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  • Astarael

[Review] Classy and Powerful: The Lenovo Legion 7i


After reviewing the Lenovo Legion 5 a couple months ago, we've finally gotten our hands on its older (not literally) sibling, the Legion 7i.


As denoted by the 'i' suffix, this model packs an Intel processor. If you're unfamiliar with Lenovo's updated naming conventions, the 3 series are entry-level laptops, the 5 series are mainstream tier laptops, and the 7 series are the cream of the crop.


The Legion 5 struck gold for me in many aspects, so I'm pretty excited to review the souped up version of it. Without further ado, let's go!

A more premium finish


Instead of the mixture of plastics used for the Legion 5, the Legion 7i boasts a metal body which definitely feels much more premium. Though some people may prefer the velvety texture of soft-touch plastic, I personally prefer smooth metal as it tends to withstand Malaysian weather and humidity better in the long run.

Another prominent addition was the generous smattering of RGB lighting found all over the laptop. The Legion logo on the front now boasts soft illumination, while the back vents and front rim are also lined with bright RGB lighting. The keyboard also now features it by default, instead of via an upgrade options like the Legion 5 - the RGB lighting even spills over into the ports and glows gently if you look closely enough.

Same features we love


Apart from the added burst of RGB, the Legion 7i echoes many of the design choices I loved on the Legion 5. The back-facing I/O ports are as welcome as ever, with the HDMI, Ethernet, power, and 2 USB ports tucked neatly away from wandering hands. The symbols denoting each port are facing up and illuminated for easy identification.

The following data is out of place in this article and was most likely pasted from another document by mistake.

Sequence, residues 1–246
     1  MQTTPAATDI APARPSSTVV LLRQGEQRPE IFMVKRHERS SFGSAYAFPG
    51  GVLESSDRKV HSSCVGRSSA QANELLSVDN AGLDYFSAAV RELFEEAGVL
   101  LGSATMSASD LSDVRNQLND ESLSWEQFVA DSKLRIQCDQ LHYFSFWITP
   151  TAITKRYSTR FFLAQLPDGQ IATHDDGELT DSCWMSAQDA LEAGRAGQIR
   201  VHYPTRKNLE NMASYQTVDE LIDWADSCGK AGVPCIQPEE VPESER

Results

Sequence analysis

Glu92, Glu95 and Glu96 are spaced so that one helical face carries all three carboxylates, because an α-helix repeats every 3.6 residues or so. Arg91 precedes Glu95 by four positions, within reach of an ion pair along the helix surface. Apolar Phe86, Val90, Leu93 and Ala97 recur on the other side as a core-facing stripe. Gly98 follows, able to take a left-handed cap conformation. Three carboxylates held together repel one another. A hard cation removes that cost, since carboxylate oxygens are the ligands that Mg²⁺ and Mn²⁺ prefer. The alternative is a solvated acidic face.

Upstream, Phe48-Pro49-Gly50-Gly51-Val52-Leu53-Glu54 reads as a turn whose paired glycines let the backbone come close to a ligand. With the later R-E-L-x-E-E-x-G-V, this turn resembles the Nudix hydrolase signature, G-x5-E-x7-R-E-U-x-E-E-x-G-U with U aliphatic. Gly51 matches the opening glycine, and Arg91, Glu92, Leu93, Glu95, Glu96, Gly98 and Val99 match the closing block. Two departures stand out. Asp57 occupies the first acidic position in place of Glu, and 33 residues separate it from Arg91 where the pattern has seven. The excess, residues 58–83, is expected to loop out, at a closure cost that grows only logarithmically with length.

The sides are relatively neat, with half of each side covered by vents, plus 1 USB port on the right, and 2 USB-C ports on the left, one of which is Thunderbolt 3 compatible.

The lid can be easily lifted with one hand thanks to a slightly protruding notch on the top, under which the webcam is placed. If you're the paranoid type who's afraid of hackers or the FBI catching you in uncompromising positions, the webcam comes with a built-in privacy shutter.

Build-wise, it's still not as solid as we expected despite the metal build. Pushing down on the keyboard deck and touch pad still elicits a pretty deep flex, but not to the extent that you'll feel that it'll break easily.

Bright and responsive display


For the Legion 7i, the display comes in multiple options. You can choose from the following:

  • 144Hz, 100% sRGB, 300 nits

  • 144Hz, 100% Adobe RGB, 500 nits

  • 240Hz, 100% sRGB, 500 nits

From the base model, you can upgrade to an 100% Adobe RGB screen with 500 nits brightness for RM240. Add on another RM120, and you'll get a buttery smooth screen perfect for gaming.

Once again, the screen is capable of folding flat, so if you find a need for that, it is possible.

It does have a little bit of flex, but otherwise it was an extremely pleasant viewing experience overall - colours were bright and vibrant, and the high refresh rate resulted in smooth gameplay that just felt super satisfying.